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HARRISBURG — The Rhoads family has been square dancing at the Pennsylvania Farm Show for decades.

Harry Rhoads; his son, Tim; and his grandson, Brandon, all of Berlin, square danced with the Wheelers and Dealers of Somerset County for years. These days, they do their Farm Show square dancing on tractors.

The Rhoads men, part of the Roof Garden Tractor Buddies, dazzled visitors to the 102nd Pennsylvania Farm Show on Friday during a fun and quirky event that in 11 years has become a Farm Show tradition.

The Farm Show runs through 5 p.m. today. Admission is free but parking is $15.

“We do eight shows a year, but this is the highlight,” said Tim Rhoads after getting off of his 1942 Farmall tractor. “I like both kinds of square dancing, people and tractor.”

Sponsored by the Friends of the Pennsylvania Farm Show Foundation and Fairfield Inn & Suites of Harrisburg, the tractor square dance involved eight drivers ranging from 13 to 80 years old. They drove antique tractors and performed square dance maneuvers to music and a caller’s orders.

Edith Rhoads, team caller and Tim Rhoads’ wife, sang the national anthem, welcomed the crowd and put vinyl records on a record player. She then called out the orders.

Within minutes, the eight men (four wearing wigs, skirts, hats or aprons to portray women) drove into the arena on seven red Farmall tractors and one green John Deere tractor.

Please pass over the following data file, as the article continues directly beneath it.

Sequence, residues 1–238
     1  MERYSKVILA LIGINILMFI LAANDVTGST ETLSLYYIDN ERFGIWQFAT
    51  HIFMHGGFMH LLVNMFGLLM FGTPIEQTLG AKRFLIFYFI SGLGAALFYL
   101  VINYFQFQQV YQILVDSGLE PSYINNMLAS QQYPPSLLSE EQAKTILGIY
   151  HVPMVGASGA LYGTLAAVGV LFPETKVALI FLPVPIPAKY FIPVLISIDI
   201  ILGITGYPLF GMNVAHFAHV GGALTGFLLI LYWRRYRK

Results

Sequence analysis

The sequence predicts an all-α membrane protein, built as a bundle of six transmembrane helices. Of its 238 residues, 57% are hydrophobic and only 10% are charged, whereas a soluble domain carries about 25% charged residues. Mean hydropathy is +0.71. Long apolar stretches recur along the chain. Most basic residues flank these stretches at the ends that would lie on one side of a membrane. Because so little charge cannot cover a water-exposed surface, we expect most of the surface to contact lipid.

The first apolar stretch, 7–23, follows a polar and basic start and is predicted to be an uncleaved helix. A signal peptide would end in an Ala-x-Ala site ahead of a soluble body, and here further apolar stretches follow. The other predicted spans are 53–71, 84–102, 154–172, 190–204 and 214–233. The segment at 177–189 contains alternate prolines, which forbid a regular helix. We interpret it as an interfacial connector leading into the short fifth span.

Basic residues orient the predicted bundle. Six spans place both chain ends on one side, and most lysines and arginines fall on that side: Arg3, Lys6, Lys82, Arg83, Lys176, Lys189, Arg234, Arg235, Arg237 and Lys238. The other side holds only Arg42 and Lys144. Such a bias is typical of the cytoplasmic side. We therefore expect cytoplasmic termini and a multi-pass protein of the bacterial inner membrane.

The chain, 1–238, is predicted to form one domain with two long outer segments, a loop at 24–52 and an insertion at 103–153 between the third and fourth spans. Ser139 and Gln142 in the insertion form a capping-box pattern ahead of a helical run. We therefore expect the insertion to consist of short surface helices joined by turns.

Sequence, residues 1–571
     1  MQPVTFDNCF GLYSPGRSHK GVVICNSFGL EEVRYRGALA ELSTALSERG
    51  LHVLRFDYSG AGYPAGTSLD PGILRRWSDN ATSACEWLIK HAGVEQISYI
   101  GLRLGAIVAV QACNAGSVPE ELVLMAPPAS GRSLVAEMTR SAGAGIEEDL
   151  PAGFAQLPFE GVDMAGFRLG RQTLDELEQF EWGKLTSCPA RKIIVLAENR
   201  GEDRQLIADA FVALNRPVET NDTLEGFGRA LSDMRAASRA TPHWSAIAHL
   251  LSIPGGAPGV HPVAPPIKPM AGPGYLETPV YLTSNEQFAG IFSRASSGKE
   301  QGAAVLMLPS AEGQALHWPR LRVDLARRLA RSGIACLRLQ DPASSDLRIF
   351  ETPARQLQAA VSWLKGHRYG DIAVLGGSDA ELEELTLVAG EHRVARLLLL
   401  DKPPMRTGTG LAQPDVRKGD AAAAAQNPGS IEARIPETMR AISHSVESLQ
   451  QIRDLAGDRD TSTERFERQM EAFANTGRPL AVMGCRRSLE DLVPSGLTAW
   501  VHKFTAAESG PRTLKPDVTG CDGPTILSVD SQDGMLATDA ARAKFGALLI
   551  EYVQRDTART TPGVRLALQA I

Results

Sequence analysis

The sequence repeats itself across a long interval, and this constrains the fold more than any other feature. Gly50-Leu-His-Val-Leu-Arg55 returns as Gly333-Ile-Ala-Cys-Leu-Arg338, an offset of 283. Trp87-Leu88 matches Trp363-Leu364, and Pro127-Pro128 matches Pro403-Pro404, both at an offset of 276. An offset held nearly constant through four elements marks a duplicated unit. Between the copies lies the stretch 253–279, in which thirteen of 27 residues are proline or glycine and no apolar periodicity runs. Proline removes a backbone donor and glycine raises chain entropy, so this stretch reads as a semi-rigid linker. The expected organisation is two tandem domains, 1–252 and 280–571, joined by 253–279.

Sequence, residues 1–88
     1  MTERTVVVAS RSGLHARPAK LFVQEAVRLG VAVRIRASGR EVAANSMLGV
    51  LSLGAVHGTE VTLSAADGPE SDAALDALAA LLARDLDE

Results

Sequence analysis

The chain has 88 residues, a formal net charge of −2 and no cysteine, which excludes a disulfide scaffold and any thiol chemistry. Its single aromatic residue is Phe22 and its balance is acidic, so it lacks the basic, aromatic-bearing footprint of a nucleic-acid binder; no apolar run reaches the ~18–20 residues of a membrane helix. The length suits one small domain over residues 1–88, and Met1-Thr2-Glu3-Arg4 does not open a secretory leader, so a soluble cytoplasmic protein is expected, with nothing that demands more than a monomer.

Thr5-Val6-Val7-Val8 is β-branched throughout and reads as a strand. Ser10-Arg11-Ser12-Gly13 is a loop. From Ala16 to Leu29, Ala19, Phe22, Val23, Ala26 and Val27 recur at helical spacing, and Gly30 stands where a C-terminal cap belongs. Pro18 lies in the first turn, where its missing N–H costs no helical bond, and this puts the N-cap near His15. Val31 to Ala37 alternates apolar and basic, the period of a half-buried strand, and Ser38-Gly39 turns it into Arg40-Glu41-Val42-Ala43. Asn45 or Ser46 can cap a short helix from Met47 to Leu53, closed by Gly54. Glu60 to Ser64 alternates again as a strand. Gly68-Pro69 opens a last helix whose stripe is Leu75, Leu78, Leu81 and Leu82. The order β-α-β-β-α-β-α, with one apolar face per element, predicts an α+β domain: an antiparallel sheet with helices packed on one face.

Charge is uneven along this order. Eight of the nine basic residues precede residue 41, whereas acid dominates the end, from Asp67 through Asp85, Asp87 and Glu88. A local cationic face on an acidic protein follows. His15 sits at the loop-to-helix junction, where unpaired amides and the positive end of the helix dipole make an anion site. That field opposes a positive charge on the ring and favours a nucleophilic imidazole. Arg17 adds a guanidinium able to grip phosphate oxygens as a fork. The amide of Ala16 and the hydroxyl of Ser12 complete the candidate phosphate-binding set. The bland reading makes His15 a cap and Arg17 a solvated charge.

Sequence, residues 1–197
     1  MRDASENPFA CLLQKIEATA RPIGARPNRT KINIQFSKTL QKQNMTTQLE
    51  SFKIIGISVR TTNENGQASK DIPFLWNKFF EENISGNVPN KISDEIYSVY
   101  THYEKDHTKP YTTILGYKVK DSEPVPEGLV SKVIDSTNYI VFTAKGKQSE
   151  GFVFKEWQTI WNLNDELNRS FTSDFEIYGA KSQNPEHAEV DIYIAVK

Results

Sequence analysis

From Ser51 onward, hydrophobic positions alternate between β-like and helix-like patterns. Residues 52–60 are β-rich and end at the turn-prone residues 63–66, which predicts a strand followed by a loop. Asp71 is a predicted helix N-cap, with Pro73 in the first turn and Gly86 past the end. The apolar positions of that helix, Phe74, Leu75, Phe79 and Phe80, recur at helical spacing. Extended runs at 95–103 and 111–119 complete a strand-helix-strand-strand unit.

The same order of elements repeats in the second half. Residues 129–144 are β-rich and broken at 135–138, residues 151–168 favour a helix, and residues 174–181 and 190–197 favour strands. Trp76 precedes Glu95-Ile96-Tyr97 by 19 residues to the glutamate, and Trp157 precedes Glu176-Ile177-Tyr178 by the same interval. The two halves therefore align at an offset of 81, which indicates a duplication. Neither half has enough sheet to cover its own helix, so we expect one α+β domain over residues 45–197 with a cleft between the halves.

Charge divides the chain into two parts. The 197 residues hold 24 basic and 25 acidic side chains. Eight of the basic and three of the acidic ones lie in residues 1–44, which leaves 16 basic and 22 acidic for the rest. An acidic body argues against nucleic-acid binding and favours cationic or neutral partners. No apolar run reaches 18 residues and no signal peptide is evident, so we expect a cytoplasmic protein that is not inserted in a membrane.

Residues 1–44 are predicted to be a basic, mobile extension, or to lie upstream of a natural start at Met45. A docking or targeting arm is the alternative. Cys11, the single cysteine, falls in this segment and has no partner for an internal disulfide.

Soon, the drivers were guiding the antique tractors, mostly from the 1940s and 1950s, into intricate maneuvers. They whirled, twirled and obeyed commands to promenade, do si do, corner and star, all without wrecking into each other.

The tractors had different gear ratios and different wheel sizes. The men had different driving styles. Yet they gave a smooth performance. Their tractor wheels came within inches of each other yet never collided. All agreed that practice and knowing human square dancing helps.

It also helps that this team is from Somerset County, one of Pennsylvania’s top square dancing counties.

“All of us square dance,” Tim Rhoads said, introducing another team driver as Alex Leydig, his nephew.

“I started square dancing here when I was 12,” Tim Rhoads said. “My three sisters square dance and now their kids do too. When we practice in the winter, we walk the routine to the caller’s orders. When the weather gets better, we practice outside.”

Al Berkebile of Shade Township said the team practices every Wednesday evening in the summer, then has a potluck dinner.

“We do this for the fun of it,” he said. “We love to laugh and carry on.”

Although square dance tractors are old, many still work on the farm. Harry Rhoads drives a 1945 Farmall that he still uses to haul his hay wagon. Tim Rhoads still uses his 1942 Farmall in his crop farming. Brandon Rhoads drives a 1952 Farmall still used to haul water to the family’s beef cattle.

As the tractor square dance went on, audience members said tractors don’t have the same grace that the nearly 500 human square did on Monday night. Yet, many agreed, the power of the tractors and the skill of the drivers in maneuvering them makes this a fun tradition worth keeping.


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